Neurologic complications in patients with cancer can significantly impact morbidity and mortality. Although these complications can be seen in patients without cancer as well, the purpose of this review is to highlight how the presentation, etiology, and management of delirium, seizures, cerebrovascular disease, and central nervous system infections may be different in patients with cancer.
Some of the newer anticancer therapies are associated with neurologic complications. Delirium and seizures have been described in patients receiving chimeric antigen receptor (CAR) T-cell therapy and other immune effector cell therapies. Angiogenesis inhibitors can increase the risk of bleeding and clotting, including intracranial hemorrhage and stroke. The risk of opportunistic fungal infections, including aspergillosis, is elevated with the Bruton tyrosine kinase inhibitor ibrutinib.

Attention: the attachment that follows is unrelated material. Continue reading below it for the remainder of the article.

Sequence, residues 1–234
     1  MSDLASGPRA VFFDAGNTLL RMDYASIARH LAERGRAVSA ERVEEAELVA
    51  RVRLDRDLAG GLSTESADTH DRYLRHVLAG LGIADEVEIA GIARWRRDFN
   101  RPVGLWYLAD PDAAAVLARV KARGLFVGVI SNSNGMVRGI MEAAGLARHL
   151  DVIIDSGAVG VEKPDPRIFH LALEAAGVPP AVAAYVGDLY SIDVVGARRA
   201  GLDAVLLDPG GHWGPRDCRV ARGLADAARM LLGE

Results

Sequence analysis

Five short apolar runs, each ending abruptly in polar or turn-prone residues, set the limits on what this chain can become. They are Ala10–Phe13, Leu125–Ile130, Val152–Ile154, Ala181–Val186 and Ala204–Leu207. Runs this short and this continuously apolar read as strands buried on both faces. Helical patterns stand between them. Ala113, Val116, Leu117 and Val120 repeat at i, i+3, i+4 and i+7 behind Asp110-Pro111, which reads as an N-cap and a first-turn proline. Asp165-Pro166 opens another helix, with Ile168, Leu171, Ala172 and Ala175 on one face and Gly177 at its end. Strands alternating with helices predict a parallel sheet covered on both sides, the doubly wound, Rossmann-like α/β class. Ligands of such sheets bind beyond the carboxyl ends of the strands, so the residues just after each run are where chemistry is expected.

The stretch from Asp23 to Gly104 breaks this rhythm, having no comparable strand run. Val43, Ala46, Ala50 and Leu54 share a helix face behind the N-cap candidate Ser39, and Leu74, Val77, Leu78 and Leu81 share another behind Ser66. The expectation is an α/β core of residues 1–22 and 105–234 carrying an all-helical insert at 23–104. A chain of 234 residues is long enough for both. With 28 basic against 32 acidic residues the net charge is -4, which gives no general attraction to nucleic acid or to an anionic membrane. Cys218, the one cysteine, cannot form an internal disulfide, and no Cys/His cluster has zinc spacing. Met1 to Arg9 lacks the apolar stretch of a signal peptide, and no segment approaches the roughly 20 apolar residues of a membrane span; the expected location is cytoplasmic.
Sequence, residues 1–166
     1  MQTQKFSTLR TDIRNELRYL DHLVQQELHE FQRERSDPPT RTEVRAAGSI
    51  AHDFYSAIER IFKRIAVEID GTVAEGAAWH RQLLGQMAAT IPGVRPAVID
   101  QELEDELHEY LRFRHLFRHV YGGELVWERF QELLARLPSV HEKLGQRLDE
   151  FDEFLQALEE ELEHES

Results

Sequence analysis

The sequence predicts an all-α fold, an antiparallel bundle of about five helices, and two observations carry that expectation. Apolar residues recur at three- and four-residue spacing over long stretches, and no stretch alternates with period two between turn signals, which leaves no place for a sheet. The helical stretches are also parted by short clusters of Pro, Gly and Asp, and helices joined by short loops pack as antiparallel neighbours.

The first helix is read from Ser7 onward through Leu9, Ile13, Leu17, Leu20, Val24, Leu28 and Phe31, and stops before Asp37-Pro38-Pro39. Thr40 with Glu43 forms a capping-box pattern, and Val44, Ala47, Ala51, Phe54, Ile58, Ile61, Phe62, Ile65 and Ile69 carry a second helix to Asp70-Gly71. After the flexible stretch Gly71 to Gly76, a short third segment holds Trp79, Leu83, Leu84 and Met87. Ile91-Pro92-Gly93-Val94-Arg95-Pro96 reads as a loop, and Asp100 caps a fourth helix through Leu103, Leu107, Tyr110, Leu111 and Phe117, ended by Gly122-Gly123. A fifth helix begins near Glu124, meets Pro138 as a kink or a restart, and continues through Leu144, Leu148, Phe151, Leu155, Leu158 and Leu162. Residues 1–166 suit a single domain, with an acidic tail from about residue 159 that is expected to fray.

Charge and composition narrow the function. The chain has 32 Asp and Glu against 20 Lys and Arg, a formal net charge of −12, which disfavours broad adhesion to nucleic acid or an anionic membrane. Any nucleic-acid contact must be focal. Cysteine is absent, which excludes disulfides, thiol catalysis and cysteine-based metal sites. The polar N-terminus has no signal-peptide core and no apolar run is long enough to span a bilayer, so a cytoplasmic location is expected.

Providers should familiarize themselves with neurologic complications in patients with cancer because early diagnosis and intervention can improve outcomes. The differential diagnosis should be broad, including conventional causes as seen in patients who do not have cancer, with special consideration of etiologies specific to patients with cancer.